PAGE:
VICENZA, Italy - Promotion of digital citizenship and the enforcement of a district-wide disciplinary matrix are helping kids keep out of cyber-trouble at Vicenza Middle School.

"This is the first time we've ever had this kind of matrix and I'm really happy that it's here," said Debra Wilson, educational technologist at the middle school.

Eight weeks into the academic year, Wilson met with several parents in the VMS computer lab Oct. 1 to review the matrix and answer questions in the first of three outreach sessions to promote positive digital citizenship.

"This is the first year of the Internet usage agreement, but what I did was I went through the Internet usage agreement and I matched it up to the matrix," said Wilson. The matrix breaks down the exact consequences for specific violations by severity and number of infractions.

"They don't understand that it's not a private account, and this is a good time for them to get to understand because in high school that kind of stuff can happen, but now they'll know the consequences," Wilson said.

The scheme is based on a DoDEA-wide model which was researched, refined and provided to all middle and high schools in the DoDDS-Europe Mediterranean District, said Dr. Barbara Ferg-Carter, education operations manager for the district.

"There was too much variance among the schools and things were going awry. We had too much discrepancy," she said.

The matrix is very specific in describing proscribed behaviors and their remedial consequences, Wilson said. To clarify their rights and responsibilities, all students took training during the first week of school.

"We had each grade level volunteer one of their subject areas and it was 45 minutes to an hour. We went through everything: examples, all the things that could possibly come up, the what-if situations," she said.

"It was really clear and they felt really comfortable at the end of it. They had to sign that they had gone through the training. Every new student that comes in here, I meet with them. I go through the training, they sign their names saying that they've gone through the training and they know exactly what to do," Wilson said.

"It eases a lot of problems," said Ferg-Carter. "And of course with bullying - as with weapons, as with drugs - we have a no-tolerance policy. It's across the board for the 18 schools in our district."

Many of the issues that got students in trouble last year had to do with the spillover of social networking animosities from outside the school into behavior at school, said VMS principal, Dr. Julio Gonzalez.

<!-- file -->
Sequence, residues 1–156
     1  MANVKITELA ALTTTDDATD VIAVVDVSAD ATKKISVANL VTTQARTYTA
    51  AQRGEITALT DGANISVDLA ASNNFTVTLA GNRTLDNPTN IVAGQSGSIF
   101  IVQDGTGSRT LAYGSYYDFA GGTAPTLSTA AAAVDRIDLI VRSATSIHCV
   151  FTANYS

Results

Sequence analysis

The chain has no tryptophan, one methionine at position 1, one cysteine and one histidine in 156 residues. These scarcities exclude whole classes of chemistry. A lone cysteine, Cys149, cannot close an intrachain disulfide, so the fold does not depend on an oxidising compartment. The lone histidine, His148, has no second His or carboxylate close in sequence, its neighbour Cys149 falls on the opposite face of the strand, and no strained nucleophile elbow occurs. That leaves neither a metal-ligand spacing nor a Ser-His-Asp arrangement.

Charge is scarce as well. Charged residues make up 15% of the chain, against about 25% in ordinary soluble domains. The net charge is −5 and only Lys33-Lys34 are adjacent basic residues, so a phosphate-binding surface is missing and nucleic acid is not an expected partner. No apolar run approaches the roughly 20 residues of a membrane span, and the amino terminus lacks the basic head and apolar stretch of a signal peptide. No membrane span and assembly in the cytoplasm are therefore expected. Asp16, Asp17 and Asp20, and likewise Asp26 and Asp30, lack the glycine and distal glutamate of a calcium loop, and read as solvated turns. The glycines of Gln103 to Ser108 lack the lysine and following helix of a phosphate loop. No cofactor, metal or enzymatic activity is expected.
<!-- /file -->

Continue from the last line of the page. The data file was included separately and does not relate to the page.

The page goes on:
"They start fighting or have inappropriate exchanges in here, and then Ms. Kabonick (the school counselor) will bring them in and find out there's been cyberbullying going on at home, that kind of thing," said Wilson.

Cristina Hargesheimer related having a difficult Facebook experience last school year with her daughter, presently a seventh-grader at VMS, who attended an Italian school then.

"I had to go to the polizia postale because she forgot her password, and a friend had it, and then I saw bad things. So I had to go over there and block that," she said.

But parents can find solid support in the Vicenza schools for taking control of the situation, said Gonzalez.

"There is a great training that Ms. Wilson put on the website about the dangers of social networking and cyberbullying," he said. The 16-page document can be read and downloaded from the VMS home page at http://www.vice-ms.eu.dodea.edu/.

VMS encourages parents to get involved, understand and exercise oversight over their children's online behavior, Gonzales said. Upcoming parent outreach sessions are scheduled for Nov. 5 at 12:30 p.m. and Jan. 17 at 6 p.m.

"Any questions, you can email us, you can email me," Wilson said. "We have lots of information. We want parents to be aware of what's going on."

"It's gotten better. The key is to engage them," said Gonzalez. "We're trying to engage them the best way we can with the technology available, in a fun way."

"I'm so glad that the Med District has come up with a comprehensive one for just the Internet usage. I think we're fortunate this year. Since we've done the training the kids feel informed and they know that the school accounts are monitored … they love it. They're like, 'I haven't had anything blocked, I haven't had to go in and do anything,'" said Wilson.

"I can count on one hand the number of suspensions we've had this year," Ferg-Carter said. "It doesn't happen very often. We're lucky here."

"I think it's really made a difference this year because I'm getting little or no problems with the issues that have come in the very beginning of the year. And it's out. The kids understand," said Wilson.

Page last updated Thu October 18th, 2012 at 00:00